Before you get into the nuts and bolts of this blog I have to say it’s based on gut feel; I have no real evidence for what I’m about to say.
Perhaps you know something different and would like to comment with your viewpoint?
Anyway, before you decide, this is what I think.
Franchising is at a bit of a cross roads and I think we’re seeing different things beginning to emerge.
Right now it feels, across the franchise industry, that franchisors are finding it more and more difficult to recruit franchisees. Unlike at the beginning of the recession when there were a ton of redundancies and franchisors’ pipelines were bulging (remember, though, with the Credit Crunch, potential franchisees were getting stuck in the pipeline and not necessarily following the process all the way through) we are now seeing a drop in the number of potential franchisees coming into the market place.
As the recession (allegedly) draws to a conclusion people are preferring to sit tight; waiting to see what happens next. Rather than rock the boat in terms of resigning they are consolidating their position with their employers.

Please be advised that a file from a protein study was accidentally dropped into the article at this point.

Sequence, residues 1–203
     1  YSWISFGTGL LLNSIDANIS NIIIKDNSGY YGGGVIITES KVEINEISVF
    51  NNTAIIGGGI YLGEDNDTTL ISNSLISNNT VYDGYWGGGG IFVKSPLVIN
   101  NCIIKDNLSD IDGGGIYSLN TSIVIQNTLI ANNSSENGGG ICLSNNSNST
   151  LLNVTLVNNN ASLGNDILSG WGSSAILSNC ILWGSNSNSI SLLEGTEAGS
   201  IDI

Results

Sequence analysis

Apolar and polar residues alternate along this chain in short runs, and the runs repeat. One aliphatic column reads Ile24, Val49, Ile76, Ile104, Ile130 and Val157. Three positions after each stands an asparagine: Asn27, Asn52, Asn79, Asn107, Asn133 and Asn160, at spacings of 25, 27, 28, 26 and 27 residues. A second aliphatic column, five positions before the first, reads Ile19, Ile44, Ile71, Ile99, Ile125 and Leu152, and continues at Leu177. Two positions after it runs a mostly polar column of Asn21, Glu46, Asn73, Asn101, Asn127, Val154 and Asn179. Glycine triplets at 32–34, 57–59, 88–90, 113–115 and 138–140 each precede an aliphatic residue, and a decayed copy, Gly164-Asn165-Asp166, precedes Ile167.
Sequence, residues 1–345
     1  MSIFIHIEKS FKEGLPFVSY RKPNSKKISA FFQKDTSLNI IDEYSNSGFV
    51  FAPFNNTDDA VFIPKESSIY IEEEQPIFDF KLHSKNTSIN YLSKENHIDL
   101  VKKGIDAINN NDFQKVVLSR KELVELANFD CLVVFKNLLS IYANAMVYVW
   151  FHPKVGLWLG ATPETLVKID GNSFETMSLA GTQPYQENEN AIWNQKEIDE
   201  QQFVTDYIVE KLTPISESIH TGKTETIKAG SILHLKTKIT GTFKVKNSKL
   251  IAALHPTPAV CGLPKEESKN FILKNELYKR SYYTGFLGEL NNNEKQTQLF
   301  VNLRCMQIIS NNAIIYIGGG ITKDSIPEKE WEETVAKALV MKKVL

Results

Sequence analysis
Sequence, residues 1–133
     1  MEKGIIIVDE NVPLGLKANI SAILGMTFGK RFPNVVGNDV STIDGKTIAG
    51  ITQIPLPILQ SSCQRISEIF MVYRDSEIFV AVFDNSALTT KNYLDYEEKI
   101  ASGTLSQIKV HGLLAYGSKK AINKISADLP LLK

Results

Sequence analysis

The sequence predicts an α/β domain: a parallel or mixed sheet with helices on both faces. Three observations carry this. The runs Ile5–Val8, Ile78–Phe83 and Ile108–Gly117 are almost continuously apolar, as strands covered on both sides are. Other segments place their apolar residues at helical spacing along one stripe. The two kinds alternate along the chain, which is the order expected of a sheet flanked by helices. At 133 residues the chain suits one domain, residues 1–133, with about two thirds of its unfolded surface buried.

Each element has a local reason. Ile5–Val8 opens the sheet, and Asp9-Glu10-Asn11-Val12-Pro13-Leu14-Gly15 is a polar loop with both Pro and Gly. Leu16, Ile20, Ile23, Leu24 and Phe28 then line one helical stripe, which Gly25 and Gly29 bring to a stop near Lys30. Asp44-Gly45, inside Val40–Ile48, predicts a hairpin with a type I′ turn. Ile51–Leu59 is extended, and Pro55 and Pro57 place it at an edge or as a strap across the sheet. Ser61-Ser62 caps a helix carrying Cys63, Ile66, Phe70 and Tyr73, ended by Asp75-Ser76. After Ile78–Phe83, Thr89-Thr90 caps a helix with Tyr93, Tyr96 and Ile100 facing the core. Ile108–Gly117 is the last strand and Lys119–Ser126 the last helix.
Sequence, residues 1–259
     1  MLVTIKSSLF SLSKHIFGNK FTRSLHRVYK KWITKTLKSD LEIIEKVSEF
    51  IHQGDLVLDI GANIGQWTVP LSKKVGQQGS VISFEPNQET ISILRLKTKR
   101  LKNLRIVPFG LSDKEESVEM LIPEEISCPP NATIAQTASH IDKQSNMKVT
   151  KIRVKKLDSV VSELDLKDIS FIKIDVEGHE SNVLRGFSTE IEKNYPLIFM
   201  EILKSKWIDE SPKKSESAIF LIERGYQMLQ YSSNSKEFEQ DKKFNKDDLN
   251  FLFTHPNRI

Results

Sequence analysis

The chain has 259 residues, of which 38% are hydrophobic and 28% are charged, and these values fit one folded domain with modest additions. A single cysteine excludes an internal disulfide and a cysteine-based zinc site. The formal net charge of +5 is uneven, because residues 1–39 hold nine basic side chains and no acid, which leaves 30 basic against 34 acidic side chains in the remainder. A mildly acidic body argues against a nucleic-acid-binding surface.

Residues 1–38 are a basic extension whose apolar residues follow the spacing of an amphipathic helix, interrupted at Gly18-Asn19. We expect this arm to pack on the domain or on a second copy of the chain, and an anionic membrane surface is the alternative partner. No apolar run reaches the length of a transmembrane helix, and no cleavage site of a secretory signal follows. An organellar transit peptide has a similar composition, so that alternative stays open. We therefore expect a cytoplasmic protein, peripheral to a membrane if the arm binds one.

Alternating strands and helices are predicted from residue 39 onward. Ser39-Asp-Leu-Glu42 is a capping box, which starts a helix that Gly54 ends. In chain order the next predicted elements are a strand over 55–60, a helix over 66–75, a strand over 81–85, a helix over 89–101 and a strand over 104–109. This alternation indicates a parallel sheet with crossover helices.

Add to this the fact that firms will naturally retain their talent, the entrants to the franchise market might not be the right sort of people in any case.
Of course, these things always work in cycles and, eventually, things will correct themselves. Potential franchisees will be attracted back to the market place in due course. ‘Due course’ in this case, I believe, could be anywhere from 2 to 5 years… and that’s a long time to wait if you are a franchisor.
However, there is an upside.
I get the sense that there is a strong trade at the moment in existing franchise businesses. Certainly with the clients we work with it seems as though a fair proportion of the people we train are taking over existing franchise businesses by buying out the franchisee. Or they are joining the business by buying a proportion of the shares.
Either way, franchisors are starting to embrace this new trade. After all, any franchisor worth their salt will have clauses about sales of the business, fees for new entrants and training costs for people joining existing franchisees.
But there is another upside, apart from the buying and selling of these businesses. And that is the strengthening of the franchisor’s network. They can vet the new person coming in, choosing a new franchisee who better fits their current ethos.
It’s also fair to say that franchisees who sell are probably selling because they’re retiring or not enjoying it anymore. Therefore, growth and royalty have usually stalled. It’s rare that a new franchisee will buy a business and not want to kick start growth again.